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35 Miles - Tuesday, August 30
This morning I bought a bag full of plums from a roadside vendor, handing over 3 Korun (10 cents). I felt like a criminal.
As we coasted and pumped past rolling pastures, I was amazed and intrigued. It feels like we’ve stepped back in time. Farming is done without machinery. A couple people hand pick potatoes or hack clover, filling burlap bags. Scythes are the common implement, also used in personal gardens or to cut roadside weeds. Harvesting must take weeks with such back breaking labor.
Negotiating the maze of winding streets in Prague tested our patience and navigation skills before we settled into a nearly empty campground. Next door is a nature area and sporting complex. All the while, the distant rumble and whir of trolleys remind us of our proximity to a large population.
|Photo credit: Trek Earth|
Wednesday, August 31
This morning we took a trolley to the old section of Prague along the Vitava River. This city of 1 million inhabitants has the unique distinction as the only European city untouched by both World Wars. Its architecture remains intact, neither bombed nor rebuilt. The same cannot be said of romantically beautiful Paris. Prague is named “The Golden City” for its bohemian character, having over 100 gothic spires. Its skyline is mythically medieval, as if one expects knights on horses. Indeed there are 400 horse drawn carriages clip clopping over the cobbles, serenading with city hall’s church bells.
Narrow streets encompass the old town quarter with an unending series of elaborately decorated gothic statues adorning every building. A profusion of dark spires pierce the rooftops; religious sculptures lean out from doorways; storefronts sell Bohemian crystal. The aroma of coffee, pastries, sausage, apple strudel delight our senses. We eat ice cream, buy plums from market stalls, and walk until we are hungry again. The food is relatively inexpensive, though not as cheap as in small towns.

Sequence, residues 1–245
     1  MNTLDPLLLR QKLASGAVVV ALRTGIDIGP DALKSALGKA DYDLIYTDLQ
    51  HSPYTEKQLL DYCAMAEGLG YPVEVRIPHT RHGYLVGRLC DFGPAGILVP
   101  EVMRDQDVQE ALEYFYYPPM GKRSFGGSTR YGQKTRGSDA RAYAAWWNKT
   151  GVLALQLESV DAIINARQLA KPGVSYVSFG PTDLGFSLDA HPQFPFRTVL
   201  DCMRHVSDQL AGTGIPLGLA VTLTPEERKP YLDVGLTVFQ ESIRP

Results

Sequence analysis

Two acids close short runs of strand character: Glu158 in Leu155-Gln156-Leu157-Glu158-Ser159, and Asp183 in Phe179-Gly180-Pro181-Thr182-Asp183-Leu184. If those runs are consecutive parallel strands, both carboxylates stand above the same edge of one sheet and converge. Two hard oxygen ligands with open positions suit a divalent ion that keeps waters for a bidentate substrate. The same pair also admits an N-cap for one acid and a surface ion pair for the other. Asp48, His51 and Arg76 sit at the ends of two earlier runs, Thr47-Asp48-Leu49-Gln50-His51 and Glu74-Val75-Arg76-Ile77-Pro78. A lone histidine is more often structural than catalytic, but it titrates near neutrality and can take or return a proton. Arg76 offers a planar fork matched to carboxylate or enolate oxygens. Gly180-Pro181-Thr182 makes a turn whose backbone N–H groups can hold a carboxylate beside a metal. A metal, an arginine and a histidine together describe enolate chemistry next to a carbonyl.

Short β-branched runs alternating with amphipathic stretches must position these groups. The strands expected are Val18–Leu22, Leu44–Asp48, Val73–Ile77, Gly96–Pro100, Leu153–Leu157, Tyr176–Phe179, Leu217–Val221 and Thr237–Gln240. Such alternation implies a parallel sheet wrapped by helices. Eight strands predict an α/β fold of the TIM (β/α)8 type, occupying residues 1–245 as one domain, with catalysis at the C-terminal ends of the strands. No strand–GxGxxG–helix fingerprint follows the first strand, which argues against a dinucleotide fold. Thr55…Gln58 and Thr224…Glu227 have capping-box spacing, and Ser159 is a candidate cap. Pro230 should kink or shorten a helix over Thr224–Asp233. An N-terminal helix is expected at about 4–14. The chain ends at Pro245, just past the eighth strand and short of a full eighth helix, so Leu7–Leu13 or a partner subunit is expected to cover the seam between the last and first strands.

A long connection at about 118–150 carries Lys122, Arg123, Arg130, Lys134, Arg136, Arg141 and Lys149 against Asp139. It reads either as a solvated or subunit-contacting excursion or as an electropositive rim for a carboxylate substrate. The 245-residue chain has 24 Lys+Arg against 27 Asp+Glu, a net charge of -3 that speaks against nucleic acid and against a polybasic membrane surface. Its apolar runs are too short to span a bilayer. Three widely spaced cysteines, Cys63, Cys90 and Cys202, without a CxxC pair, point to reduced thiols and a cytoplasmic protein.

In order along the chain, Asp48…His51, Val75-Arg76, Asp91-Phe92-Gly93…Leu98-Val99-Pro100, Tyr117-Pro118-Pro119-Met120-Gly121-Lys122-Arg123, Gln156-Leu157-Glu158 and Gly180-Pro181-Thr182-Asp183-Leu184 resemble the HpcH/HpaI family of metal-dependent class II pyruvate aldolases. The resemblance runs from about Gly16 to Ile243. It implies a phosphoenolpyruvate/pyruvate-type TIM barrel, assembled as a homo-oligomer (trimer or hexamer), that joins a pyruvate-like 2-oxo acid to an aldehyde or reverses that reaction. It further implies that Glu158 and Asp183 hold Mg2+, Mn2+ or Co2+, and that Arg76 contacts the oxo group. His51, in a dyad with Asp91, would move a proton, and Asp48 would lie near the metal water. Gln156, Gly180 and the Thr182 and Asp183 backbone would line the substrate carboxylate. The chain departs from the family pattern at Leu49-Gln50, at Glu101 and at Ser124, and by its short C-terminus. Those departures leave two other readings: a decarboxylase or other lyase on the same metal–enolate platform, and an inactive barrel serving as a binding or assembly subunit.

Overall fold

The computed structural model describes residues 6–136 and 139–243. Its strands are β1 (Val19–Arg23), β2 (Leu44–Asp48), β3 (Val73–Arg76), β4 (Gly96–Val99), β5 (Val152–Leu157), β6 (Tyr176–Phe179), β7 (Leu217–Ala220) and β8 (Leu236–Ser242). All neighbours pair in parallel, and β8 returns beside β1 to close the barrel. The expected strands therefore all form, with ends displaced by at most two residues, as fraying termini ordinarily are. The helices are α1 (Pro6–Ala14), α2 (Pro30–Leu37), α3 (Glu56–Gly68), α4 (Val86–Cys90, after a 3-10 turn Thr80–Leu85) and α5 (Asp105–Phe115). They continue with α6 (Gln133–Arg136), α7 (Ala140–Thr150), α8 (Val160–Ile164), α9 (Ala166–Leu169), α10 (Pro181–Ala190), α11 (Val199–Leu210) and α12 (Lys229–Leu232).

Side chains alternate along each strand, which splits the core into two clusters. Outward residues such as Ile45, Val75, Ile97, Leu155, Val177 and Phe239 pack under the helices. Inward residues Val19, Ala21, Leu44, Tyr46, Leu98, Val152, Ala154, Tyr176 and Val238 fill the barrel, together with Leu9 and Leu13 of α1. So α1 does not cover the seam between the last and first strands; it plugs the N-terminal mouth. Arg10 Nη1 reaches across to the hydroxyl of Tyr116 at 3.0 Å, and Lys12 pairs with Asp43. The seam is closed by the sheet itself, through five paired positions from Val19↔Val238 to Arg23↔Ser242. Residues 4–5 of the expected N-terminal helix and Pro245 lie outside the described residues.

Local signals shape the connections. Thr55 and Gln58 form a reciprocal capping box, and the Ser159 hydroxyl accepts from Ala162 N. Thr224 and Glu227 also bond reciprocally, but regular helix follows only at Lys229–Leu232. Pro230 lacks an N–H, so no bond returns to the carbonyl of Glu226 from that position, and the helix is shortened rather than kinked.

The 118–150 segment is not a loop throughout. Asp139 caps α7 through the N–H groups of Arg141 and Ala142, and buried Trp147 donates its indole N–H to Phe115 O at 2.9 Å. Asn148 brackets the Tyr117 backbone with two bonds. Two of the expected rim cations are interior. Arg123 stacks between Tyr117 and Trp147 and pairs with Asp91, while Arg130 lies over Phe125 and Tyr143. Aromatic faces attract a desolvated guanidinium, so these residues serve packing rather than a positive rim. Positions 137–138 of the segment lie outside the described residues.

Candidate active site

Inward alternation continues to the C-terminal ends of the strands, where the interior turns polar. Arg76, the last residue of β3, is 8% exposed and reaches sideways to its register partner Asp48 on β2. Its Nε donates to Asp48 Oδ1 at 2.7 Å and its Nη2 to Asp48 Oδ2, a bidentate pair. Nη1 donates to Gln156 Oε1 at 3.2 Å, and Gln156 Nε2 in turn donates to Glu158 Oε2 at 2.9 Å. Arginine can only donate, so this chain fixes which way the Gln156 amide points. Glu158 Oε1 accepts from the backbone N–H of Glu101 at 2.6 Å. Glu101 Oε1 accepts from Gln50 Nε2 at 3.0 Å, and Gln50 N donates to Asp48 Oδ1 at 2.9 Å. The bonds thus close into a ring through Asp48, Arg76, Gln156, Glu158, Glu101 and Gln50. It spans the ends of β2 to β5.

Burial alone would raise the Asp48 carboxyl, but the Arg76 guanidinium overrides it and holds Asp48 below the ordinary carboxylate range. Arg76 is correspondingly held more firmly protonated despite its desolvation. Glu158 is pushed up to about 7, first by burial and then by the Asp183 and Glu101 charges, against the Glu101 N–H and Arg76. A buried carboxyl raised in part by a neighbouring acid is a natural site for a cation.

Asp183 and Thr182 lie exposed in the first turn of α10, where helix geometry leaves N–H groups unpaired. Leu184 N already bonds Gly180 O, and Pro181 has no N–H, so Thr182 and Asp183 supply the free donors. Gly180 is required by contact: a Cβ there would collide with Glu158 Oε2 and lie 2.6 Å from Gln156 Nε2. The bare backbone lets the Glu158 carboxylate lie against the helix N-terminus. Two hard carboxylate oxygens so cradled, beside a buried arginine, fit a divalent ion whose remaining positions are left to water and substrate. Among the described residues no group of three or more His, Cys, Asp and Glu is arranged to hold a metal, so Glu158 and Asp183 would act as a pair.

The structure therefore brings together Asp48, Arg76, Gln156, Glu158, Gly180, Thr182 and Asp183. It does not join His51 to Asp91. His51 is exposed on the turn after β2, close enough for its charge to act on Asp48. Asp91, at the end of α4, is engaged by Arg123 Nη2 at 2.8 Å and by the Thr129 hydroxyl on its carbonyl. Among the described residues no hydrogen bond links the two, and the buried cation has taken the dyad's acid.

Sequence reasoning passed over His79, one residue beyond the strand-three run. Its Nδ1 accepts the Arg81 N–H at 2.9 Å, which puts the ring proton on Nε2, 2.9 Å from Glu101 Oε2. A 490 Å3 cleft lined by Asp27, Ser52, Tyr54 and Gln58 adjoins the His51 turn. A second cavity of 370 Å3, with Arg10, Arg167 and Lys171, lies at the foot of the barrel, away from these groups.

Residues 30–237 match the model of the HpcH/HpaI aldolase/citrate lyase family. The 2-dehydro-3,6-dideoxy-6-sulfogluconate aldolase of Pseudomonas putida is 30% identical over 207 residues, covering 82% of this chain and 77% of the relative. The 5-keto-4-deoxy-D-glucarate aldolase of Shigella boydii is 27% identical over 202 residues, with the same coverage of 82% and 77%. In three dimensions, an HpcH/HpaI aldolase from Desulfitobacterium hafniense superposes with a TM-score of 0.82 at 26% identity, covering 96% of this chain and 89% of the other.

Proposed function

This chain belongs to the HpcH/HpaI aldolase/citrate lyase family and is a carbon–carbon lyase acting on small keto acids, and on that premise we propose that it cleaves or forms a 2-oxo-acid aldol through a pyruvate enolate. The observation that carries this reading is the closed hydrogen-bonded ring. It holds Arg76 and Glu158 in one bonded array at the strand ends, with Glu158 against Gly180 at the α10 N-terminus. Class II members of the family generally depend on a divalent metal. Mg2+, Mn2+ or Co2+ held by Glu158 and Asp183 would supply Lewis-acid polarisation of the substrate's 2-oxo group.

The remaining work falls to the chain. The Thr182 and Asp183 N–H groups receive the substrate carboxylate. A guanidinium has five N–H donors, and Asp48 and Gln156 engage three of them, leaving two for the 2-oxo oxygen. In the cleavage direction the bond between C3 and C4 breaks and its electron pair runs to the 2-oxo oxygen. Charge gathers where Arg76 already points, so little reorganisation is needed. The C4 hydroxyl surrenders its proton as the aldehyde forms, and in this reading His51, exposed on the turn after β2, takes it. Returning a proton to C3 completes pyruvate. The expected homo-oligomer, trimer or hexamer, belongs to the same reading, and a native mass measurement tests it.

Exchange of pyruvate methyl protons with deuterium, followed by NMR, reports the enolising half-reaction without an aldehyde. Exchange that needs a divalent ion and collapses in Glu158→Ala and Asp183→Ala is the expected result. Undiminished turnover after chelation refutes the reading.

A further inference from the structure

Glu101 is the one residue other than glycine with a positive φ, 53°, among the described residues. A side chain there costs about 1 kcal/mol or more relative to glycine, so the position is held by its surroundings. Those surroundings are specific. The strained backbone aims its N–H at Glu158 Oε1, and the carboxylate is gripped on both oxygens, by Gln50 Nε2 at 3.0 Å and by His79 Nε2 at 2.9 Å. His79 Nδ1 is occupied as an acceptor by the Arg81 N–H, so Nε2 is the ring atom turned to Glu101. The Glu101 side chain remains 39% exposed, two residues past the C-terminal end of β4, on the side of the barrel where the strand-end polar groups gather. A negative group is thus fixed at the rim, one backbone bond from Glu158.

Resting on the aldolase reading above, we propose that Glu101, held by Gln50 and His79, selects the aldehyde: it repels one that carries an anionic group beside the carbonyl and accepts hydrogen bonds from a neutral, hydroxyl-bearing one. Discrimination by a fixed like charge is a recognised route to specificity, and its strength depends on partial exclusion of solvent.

|A souvenir we can carry, a miniature print. View is from |
Charles Bridge, looking toward the old town.
Word is that Prague is fast becoming a tourist mecca. After standing on the Charles Bridge (built in 1300s out of stone) with the 30 black statues on guard along its entire length, it’s like standing in a spot like no other on earth. Spires surround the skyline at both ends of the bridge. The statues are replicas (originals in a museum) but they look neglected nonetheless, covered in soot and cobwebs. The Czech Republic has working smoke stacks, polluting the air and also affecting the exhaust emissions on vehicles. The country is 5 years old, splitting from Slovakia during the peaceful Velvet Revolution – it will contend with future clean air standards, I predict, to become even more tourist friendly.
By noon we’d already decided to stay another day. We originally didn’t plan to go through the Czech Republic, but it has turned out to be an amazing experience. It is the most beautiful city I have ever seen.
A gilded astrological clock decorates one wall of the city hall, working now for 500 years. At every hour two doors open and the figures of the 12 apostles circulate through the opening as the bells toll. It draws a crowd in intervals at Old Town Square.
|Crowds gather for the hourly operation of the astrological clock.|
We stayed until 7:30 in the old district, walking, talking, eventually eating pizza at an outdoor café near the famous clock.
The only mishap occurred when we went to get on the tram, but couldn’t decide what direction we were supposed to go. I insisted on one; Andy the other. It wasn’t until Andy was totally frustrated that he asked the driver for directions. He was right. Andy gets edgy, his brows knitted when he is lost in a city, whereas I tend to laugh. He is more concerned with time: rising early, eating lunch by noon, leaving Prague’s city life by sundown. And his concerns are legitimate as we travel through foreign lands.